Yesterday we cut down a large pine tree mainly because it was seriously running into our house. The previous owners simply planted this tree way too close to the house. Each year, when the wind blew, the noise the branches produced increased and huge limbs were now over the top of our house.
Our father said, unfortunately, it was going to have to go. We did cut it down, and now we have a large cleanup job to do – but we noticed that after we cut it down, there were some odd looking insects that we hadn’t ever seen around our yard. We took a picture of it (and the felled tree) and went to identify it.
We did find out what the insect was, and the news wasn’t good. The bug, a beetle, as it turns out, is almost definitely an Asian Long-horned Beetle. These creatures are the cause of quite a lot of angst as it turns out.
They are a bonafide pest according to the USDA. In fact, they ask you to report any sighting of this beetle with pictures of any tree damage and hopefully the beetles in a jar.
Now that we know what they are, tomorrow we’re going to look for tree damage. One of the trees they like are sugar maples and we have three of these trees in our yard. They’re beautiful trees and we would hate to lose any of them. If we find any damage or any more beetles, we’ll report them since apparently they’re really destructive!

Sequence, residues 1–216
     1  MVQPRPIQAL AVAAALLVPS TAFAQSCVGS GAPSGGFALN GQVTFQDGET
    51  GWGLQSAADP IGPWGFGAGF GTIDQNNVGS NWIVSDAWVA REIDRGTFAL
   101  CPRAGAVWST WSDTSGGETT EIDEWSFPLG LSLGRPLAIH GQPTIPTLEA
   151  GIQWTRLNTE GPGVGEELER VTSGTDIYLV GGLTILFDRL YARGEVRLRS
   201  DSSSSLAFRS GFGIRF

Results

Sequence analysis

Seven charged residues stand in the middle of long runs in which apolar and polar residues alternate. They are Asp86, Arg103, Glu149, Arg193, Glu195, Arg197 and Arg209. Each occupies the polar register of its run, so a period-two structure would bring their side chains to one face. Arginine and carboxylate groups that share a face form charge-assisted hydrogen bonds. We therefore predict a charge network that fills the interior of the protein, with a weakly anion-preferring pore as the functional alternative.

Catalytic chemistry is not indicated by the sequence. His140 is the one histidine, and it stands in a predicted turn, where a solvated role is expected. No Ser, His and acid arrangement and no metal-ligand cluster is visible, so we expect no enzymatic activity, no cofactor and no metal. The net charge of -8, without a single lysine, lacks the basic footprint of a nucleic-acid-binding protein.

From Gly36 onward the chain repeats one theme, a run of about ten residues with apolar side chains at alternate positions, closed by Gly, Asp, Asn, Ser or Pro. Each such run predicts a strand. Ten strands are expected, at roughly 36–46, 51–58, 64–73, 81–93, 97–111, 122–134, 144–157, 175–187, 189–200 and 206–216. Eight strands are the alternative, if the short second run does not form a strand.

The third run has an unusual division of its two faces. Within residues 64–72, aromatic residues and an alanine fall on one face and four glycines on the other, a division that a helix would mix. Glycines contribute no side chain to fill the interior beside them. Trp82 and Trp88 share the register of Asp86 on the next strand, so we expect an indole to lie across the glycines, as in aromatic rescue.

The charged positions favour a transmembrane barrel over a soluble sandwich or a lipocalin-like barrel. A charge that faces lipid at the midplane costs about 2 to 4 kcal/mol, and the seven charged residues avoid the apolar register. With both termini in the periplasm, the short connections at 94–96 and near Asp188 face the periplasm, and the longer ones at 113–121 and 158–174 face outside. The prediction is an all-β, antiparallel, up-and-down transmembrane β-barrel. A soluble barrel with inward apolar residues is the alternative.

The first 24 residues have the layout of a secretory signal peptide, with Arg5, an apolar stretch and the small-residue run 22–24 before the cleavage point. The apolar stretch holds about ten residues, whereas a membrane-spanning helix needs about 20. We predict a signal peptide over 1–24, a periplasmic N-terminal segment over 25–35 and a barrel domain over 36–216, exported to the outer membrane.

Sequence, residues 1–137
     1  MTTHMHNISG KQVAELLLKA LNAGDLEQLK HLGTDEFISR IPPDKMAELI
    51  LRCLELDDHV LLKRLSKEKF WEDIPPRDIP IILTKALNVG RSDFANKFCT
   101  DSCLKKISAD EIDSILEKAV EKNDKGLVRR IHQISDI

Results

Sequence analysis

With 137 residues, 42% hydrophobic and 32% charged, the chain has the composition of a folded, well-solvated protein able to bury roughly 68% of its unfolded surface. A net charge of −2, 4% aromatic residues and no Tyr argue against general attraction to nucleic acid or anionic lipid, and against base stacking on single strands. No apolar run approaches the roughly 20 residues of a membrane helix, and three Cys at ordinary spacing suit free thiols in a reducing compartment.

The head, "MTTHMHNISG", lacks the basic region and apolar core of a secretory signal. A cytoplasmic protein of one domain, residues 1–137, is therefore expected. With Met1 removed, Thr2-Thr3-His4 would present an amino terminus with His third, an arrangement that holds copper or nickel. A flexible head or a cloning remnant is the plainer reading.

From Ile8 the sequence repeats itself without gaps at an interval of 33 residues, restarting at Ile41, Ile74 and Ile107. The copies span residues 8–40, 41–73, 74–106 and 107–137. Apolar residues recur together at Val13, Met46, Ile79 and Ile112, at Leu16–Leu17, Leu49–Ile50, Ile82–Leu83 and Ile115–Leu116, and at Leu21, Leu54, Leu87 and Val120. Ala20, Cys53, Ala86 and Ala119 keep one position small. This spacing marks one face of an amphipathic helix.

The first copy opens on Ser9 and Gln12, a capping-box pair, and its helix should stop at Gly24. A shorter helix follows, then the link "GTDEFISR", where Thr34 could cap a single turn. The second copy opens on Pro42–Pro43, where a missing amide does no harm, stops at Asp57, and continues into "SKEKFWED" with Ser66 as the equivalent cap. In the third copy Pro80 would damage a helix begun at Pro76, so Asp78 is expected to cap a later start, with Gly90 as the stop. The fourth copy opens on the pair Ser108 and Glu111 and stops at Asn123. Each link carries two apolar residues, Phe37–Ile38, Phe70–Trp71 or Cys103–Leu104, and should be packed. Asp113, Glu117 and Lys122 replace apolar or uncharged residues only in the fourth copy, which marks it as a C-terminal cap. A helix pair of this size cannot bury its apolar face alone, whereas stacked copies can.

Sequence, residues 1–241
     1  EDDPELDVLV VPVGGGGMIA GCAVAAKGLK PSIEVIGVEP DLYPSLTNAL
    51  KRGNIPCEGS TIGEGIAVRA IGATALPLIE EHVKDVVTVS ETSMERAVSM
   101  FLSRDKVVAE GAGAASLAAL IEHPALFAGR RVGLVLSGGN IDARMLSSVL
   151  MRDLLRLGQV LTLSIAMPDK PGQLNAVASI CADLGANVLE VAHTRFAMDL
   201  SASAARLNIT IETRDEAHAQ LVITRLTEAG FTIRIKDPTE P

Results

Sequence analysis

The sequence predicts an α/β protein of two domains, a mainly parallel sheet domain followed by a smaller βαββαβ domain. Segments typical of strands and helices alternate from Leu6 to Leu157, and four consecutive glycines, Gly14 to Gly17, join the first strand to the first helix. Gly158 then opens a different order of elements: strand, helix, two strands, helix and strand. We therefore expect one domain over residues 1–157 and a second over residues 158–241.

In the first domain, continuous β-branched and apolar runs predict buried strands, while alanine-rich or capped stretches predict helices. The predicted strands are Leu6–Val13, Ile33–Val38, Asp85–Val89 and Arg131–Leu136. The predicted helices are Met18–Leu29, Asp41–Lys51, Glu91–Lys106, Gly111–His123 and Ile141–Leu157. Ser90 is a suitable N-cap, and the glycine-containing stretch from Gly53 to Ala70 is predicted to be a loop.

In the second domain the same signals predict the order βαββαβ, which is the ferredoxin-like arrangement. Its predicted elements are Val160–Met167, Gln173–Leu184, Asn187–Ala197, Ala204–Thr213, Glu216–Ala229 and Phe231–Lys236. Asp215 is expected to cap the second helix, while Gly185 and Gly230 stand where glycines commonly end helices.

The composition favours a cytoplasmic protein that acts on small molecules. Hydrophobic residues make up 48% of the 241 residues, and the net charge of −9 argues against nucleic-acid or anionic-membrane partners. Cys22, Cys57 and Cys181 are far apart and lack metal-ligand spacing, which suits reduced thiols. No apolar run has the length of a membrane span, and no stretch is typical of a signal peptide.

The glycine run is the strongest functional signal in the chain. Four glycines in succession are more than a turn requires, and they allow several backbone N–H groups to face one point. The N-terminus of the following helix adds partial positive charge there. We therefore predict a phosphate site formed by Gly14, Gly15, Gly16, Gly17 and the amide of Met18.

We found two websites with lots of information about this beetle, so we’re including them in case you want to read more about the beetle. Article 1, Article 2.
Wait a minute – we just read about an Asian long-horned beetle look-a-like called a Whitespotted sawyer and on second thought, we think this is the beetle which we saw. Anyway, we are still going to check things out tomorrow and make a positive identification :)
Wait another minute – we are 99% positive we saw a Whitespotted pine sawyer because these beetles hang out in conifers. Hmmmm. We were cutting down a white pine. Yup. We’re darn sure this is the beetle we saw. Phew!
“These beetles are most commonly misidentified as ALB. Males are metallic black with one white dot at the base of the wing covers. Females are brown with speckles and also have the white dot at the base of the wing covers. ALB does not have this white dot, though it has many white spots on its wing covers.” From this site.
Note the white dot on the beetle in our picture. I think we’re good. Yay. Glad we didn’t bother anyone at the USDA :)